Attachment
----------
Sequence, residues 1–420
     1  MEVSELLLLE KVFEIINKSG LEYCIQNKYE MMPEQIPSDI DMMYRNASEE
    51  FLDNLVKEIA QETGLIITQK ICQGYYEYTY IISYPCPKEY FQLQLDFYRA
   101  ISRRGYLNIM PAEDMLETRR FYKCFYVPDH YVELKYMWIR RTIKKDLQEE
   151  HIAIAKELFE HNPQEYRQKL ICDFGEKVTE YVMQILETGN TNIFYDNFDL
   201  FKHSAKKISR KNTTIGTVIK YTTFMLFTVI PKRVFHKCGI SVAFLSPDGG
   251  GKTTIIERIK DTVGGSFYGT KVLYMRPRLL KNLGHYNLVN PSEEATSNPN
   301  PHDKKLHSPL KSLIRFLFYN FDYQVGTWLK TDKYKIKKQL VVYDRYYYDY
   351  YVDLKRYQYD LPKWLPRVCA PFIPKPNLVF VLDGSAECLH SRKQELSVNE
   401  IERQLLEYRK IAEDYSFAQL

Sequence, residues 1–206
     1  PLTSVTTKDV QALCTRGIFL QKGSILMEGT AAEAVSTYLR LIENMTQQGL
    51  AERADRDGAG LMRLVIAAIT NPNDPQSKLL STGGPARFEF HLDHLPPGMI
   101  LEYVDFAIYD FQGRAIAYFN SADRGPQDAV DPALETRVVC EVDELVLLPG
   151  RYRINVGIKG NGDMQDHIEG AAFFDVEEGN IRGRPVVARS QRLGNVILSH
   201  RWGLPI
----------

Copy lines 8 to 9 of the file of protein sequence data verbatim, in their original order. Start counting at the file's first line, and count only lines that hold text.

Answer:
   301  PHDKKLHSPL KSLIRFLFYN FDYQVGTWLK TDKYKIKKQL VVYDRYYYDY
   351  YVDLKRYQYD LPKWLPRVCA PFIPKPNLVF VLDGSAECLH SRKQELSVNE